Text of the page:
Never design a curb (the sill that is under the door area) on an angle. This applies to 135 degree standard angle enclosures, 90 degree enclosures, as well as custom angle enclosure openings. Always design a curb so the door can swing freely in and out. The only way to do this is by making the curb hit the return knee wall or angle sill at 90 degrees (square).
Always pitch seats and shower floor pans so the water drains properly to the drain area. You do not want water to be stagnant or puddling will occur. Always pitch the curb sill under the door, on knee walls, and under all fixed panels approximately 3/16” in towards the interior of the shower enclosure to ensure proper drainage with no stagnant water buildup. Always try and use a continuous piece of marble or granite to minimize grout joints under the glass.
There is nothing standard about a frameless shower enclosure, but you should always work off of standard angles when possible.90 degree, 135 degree, 180 degree angles are your standard in the industry.
For best results the soffits must be plumb to the lower curbs. The will ensure satisfaction on your design and give a perfect reveal.
For best results, all body sprays should be directed towards the tile wall or fixed panels. Keep direct water spray away from the door. Never install body sprays directly opposite an enclosure door or opening. The only vulnerable area of a frameless shower enclosure is the door! So try to always keep direct water spray away (body jets and shower heads) from the door to ensure less water from escaping.
Due to polishing and tempering procedures a 4 ½” minimum width is required for glass panels.
If you are planning to use a decorative listello raised border or any border for that matter, always use one that is flush or flat with the other tile in the shower door area. If you choose to use one that sticks out past the wall tile, make sure it stops before the door area. Nothing should be protruding out that would interfere with the door swing.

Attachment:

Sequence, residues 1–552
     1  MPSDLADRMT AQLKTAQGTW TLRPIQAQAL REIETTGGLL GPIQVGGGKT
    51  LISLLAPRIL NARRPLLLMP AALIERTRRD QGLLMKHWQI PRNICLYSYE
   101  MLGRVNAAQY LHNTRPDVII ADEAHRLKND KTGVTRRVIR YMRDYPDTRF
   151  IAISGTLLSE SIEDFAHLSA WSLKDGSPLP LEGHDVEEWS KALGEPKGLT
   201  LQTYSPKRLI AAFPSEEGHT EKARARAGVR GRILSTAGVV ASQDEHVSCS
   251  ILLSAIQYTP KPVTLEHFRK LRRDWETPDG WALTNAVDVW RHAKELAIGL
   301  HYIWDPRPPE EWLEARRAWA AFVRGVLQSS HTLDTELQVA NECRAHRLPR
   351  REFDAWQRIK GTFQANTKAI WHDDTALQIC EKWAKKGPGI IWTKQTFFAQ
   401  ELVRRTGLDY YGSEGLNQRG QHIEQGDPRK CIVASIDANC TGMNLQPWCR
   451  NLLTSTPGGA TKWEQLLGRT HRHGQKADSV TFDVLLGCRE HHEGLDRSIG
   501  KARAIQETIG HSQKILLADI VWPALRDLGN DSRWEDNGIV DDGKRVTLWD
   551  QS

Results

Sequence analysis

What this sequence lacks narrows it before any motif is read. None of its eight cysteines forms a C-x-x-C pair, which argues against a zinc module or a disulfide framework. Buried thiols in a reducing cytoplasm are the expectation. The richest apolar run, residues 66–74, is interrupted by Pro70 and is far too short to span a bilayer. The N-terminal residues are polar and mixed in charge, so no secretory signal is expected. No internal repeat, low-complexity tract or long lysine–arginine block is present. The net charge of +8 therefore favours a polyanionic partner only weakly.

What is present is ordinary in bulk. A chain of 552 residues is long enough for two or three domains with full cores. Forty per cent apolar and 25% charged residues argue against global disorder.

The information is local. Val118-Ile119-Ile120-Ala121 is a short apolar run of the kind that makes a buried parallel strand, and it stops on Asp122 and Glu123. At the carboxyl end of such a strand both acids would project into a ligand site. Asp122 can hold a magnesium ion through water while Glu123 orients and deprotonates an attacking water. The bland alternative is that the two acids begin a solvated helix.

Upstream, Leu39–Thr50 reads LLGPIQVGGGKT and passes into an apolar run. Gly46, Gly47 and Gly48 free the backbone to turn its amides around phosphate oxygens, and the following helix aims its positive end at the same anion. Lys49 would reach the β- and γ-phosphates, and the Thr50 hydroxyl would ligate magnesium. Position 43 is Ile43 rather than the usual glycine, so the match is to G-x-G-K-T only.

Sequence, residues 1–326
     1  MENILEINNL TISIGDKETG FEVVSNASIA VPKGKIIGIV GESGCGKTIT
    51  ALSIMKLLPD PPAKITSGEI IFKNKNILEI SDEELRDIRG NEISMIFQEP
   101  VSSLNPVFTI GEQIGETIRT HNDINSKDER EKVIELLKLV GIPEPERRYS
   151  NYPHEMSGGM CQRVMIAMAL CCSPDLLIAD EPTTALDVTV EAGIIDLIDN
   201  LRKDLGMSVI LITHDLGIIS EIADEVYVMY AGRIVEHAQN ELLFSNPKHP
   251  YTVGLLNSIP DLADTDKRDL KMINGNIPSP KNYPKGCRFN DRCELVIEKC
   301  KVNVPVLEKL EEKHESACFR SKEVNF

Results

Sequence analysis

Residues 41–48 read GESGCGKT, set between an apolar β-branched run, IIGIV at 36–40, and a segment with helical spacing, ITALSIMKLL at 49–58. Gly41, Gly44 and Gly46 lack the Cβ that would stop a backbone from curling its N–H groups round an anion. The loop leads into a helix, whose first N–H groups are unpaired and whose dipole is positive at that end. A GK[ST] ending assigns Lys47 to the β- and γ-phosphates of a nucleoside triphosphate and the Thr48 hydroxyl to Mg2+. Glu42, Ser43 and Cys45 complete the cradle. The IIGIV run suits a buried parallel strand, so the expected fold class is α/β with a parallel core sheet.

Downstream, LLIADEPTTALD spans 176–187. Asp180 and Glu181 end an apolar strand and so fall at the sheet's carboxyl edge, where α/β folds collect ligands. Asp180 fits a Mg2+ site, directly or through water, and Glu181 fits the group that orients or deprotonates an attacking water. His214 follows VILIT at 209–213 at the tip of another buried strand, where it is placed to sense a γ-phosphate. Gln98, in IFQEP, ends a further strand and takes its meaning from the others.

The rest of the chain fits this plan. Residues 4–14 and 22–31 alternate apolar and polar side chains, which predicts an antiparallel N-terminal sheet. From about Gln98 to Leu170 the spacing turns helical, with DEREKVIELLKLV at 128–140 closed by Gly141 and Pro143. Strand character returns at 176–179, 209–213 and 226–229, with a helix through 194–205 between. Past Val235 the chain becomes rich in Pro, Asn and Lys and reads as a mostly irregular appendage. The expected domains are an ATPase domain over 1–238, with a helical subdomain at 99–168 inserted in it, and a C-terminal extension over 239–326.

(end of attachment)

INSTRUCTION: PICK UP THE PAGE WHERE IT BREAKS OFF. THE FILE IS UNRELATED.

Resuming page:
Never use glass tiles! When considering a frameless design that would require drilling into the tile. Inevitable the glass will crack during the drilling process, or over time.
Any overhangs near the door opening may cause problems, such as gaps, that will result in serious leaking issues. Always run the tile flush with the vertical rise tile.
Pitch guidelines for shower curb. See below.
Always level the rise where the door closes this is most important; otherwise a costly custom double cut door is required.
When a return panel of glass that sits on a knee wall or a tub deck requires the glass to be notched, make sure the “leg” is no smaller than 4 ½” or a separate piece will need to be added creating another seam that can be avoided.
When designing your enclosure, try to never leave your tile, marble, granite, tub decks, etc. overhang anywhere. If it does, a notch can be made with a diamond saw. Make the notch 1/8” wider than the glass and no more than ¾” deep to minimize breakage.
Always install a vertical wood stud where the door hinges will be placed or fixed panels are to be clipped too. Never run wires or pipes through or in front of the studs where the anchoring will be done. If you already did put pipes or wires where they shouldn’t be, make sure you tell us and we will manufacture the glass to ensure the screws miss them when the installation takes place.
If you are designing an enclosure that has a knee wall, always allow enough of a ledge for a small panel to join the 90 degree return panel that goes on top of the knee wall. This not only creates a small shelf and more room in the shower area, it secures the larger return panel eliminating almost all the flex from the 90 degree return piece.